The two people he had working for him both left to other positions. He just got promoted, again, despite having no direct reports at his level.

      I like the other approaches suggested below and will use those should I (hopefully never) encounter this position again.

    4. Rana*

      Sounds like he might be a good candidate for the clarifying email approach:

      “So, after our discussion today about Suggestion, and the issues with it, I just want to make sure we’re on the same page. Do you want me to go ahead with Suggestion, despite Issues X, Y, and Z not yet being resolved? Or did we decide to table Suggestion for now, until Issues are dealt with? If I don’t hear back from you, I will assume that we’re going with the latter strategy, based on what happened in the meeting today.”

  7. Geoff*

    All great advice, both from AAM and commentors. However, sometimes this situation can’t be resolved without a job change. If you go quickly from being someone’s peer to being someone’s manager, it’s entirely possible that they’re always going to look on you as a peer. Only a job change will help that situation.

    I saw the same thing when my wife rapidly ascended during her 20’s, despite following all the advice in this article. After the first job change, it was no longer an issue, of course.

  8. Henning Makholm*

    I’m a bit worried about this:

    For instance, if you assign a project that you need by Friday and encounter resistance, you might say, “Thanks for that input. I do need you to do this by Friday, but I appreciate hearing your point of view.”

    My response might well be that yes, I’ll do everything I can to make something that at least outwardly resembles that project exist on Friday, and I even estimate a 30% chance that it will be able to work once or twice, but there’s no way it will implement the entire spec, and it will probably tend to break down violently if you look at it funnily during the demo — not to mention it being an unmaintainable mess in general — so if you’re going to make it an order for it to exist as specced on Friday, meaning that I’ll be fired when it doesn’t, then you’re effectively firing me now, and intelligent self-interest would force me to spend some time updating my resume that could otherwise have been used to reach that 30% chance of working, so please don’t do that.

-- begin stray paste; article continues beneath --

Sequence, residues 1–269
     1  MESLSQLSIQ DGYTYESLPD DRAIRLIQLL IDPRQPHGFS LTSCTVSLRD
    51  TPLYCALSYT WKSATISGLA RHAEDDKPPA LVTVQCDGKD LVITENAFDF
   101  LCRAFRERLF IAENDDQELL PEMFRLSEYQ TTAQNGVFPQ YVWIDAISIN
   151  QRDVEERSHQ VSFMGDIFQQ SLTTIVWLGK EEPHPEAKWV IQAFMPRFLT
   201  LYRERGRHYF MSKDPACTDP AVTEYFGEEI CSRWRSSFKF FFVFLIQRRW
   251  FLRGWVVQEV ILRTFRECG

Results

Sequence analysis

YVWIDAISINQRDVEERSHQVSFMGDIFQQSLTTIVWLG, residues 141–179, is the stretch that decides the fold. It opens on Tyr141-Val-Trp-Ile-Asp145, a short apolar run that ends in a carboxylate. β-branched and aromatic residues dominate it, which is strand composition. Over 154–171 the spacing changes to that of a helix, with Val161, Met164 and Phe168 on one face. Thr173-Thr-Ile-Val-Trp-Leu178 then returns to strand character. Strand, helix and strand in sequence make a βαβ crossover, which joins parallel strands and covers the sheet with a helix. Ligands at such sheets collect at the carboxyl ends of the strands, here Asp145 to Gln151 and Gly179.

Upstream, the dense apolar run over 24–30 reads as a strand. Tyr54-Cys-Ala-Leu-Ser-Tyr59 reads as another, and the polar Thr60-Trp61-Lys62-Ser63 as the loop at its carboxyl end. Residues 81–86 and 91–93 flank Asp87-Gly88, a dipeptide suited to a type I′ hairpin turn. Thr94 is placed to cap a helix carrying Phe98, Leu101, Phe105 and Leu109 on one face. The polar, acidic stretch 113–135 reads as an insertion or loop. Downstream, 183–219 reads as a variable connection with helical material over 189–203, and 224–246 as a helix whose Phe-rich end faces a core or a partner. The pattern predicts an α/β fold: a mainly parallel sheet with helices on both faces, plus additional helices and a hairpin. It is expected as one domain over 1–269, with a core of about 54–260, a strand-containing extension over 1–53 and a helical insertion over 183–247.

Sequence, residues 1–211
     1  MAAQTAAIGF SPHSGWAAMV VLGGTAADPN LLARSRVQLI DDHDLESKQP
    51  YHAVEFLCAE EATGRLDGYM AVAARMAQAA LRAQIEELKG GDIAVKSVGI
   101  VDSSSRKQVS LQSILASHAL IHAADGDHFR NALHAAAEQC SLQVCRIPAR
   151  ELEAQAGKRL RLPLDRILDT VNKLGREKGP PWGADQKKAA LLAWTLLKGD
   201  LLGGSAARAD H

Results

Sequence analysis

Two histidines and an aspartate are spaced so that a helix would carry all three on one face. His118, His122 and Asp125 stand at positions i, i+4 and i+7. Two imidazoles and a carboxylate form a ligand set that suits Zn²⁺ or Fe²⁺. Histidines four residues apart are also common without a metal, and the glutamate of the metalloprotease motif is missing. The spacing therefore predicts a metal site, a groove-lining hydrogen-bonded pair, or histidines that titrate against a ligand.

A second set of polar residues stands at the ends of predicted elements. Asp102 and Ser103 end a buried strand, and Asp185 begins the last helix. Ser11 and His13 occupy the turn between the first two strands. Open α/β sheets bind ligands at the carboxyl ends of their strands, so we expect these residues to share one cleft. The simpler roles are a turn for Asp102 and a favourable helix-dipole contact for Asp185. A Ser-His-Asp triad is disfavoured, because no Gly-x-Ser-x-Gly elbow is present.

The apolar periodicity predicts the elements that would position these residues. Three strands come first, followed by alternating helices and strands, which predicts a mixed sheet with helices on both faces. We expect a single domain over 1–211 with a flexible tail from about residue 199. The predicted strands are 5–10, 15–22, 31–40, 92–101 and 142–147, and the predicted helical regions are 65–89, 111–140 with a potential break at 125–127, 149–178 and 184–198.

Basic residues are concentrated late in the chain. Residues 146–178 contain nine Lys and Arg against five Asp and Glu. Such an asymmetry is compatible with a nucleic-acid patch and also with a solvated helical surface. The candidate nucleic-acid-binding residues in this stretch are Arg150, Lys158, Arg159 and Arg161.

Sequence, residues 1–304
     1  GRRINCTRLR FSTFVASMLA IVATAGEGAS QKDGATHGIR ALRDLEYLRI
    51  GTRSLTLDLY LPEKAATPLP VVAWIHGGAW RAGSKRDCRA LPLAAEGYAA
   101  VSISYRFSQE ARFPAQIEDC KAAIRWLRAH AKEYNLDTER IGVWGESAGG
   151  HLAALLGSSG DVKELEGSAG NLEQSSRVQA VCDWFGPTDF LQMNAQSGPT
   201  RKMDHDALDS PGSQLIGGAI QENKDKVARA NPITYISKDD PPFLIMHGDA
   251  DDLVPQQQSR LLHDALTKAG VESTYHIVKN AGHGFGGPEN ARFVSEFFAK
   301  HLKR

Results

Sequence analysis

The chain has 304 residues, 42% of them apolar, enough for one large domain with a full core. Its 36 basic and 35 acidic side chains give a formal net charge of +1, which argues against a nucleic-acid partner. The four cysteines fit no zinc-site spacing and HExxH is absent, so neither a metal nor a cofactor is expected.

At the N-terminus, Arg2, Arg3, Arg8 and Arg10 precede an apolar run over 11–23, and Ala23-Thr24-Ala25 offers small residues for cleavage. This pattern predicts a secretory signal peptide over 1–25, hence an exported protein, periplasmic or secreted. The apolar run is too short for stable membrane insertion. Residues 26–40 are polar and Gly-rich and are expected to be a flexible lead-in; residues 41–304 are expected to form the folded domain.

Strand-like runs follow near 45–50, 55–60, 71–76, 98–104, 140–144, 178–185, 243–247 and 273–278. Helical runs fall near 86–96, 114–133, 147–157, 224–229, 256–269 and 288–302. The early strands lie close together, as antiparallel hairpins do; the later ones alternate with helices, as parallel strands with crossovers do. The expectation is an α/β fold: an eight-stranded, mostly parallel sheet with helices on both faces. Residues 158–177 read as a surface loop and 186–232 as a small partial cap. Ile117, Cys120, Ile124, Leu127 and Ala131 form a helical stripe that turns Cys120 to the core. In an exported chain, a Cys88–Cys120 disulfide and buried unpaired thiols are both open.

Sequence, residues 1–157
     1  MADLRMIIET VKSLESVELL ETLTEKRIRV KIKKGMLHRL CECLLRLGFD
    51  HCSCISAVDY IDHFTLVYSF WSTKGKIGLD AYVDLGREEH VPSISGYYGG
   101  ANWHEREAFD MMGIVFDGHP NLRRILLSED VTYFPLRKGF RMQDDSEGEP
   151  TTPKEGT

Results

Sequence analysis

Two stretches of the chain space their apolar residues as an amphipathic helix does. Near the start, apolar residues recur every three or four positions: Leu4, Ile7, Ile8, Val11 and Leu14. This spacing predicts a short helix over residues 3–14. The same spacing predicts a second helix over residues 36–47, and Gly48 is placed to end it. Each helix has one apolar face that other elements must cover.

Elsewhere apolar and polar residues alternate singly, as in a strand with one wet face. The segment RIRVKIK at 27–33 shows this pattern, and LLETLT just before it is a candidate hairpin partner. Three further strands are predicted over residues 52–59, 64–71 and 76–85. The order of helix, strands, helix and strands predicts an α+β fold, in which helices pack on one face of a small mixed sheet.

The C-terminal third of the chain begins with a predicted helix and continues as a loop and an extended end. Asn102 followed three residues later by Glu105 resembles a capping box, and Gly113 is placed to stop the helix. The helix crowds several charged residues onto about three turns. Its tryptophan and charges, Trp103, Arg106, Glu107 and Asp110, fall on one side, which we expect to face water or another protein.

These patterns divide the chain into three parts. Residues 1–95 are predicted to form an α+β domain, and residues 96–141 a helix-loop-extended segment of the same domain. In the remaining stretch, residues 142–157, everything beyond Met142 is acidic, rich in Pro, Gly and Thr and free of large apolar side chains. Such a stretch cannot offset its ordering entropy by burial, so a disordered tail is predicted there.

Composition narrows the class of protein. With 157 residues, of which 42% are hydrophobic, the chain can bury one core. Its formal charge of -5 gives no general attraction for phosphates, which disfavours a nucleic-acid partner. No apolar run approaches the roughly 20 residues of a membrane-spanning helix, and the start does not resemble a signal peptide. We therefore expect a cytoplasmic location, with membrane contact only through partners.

Some things simply can’t be made to happen just because a manager decides they must.

    1. Ask a Manager* Post author

      Of course. Sometimes they can’t. But then that should lead to a conversation about priorities, how long the work should take, what could be pushed back to make room for it, etc.

      But sometimes it’s quite clear to a manager that it should be able to be done by Friday if the person manages their time well, because they’ve seen good performers in identical circumstances do it.

  9. ThursdaysGeek*

    This reminds me of a previous work situation where one person thought that she was a team lead over some others. I don’t know whether she misunderstood something the owner said or something else, but for months she would give directives to people who would mostly either ignore her or do it, if they agreed with it. It finally came to a head, with a screaming “you’re not the boss of me” situation, where it was determined that she really wasn’t the boss. Early communication on all sorts of levels sure could have helped.

  10. Trysta*

    This was one I had to learn the hard way. I went from a call center rep to the manager of the same group I worked in. Some were supportive, some not so much.

    In the beginning I was way too nice about it in hopes that it would just gradually get better and people would realize over time that my position has changed. Unfortunately that doesn’t always happen. I realized this after it started to spread from one staff member on to others and then another, etc. I take part of the blame for the escalation because I didn’t address it right away.

    If it isn’t addressed in a timely manner, it will become a bigger issue than necessary.

    1. Trysta*

      I also had to learn the part about tone and not being so timid when making requests. That has actually gone a long way.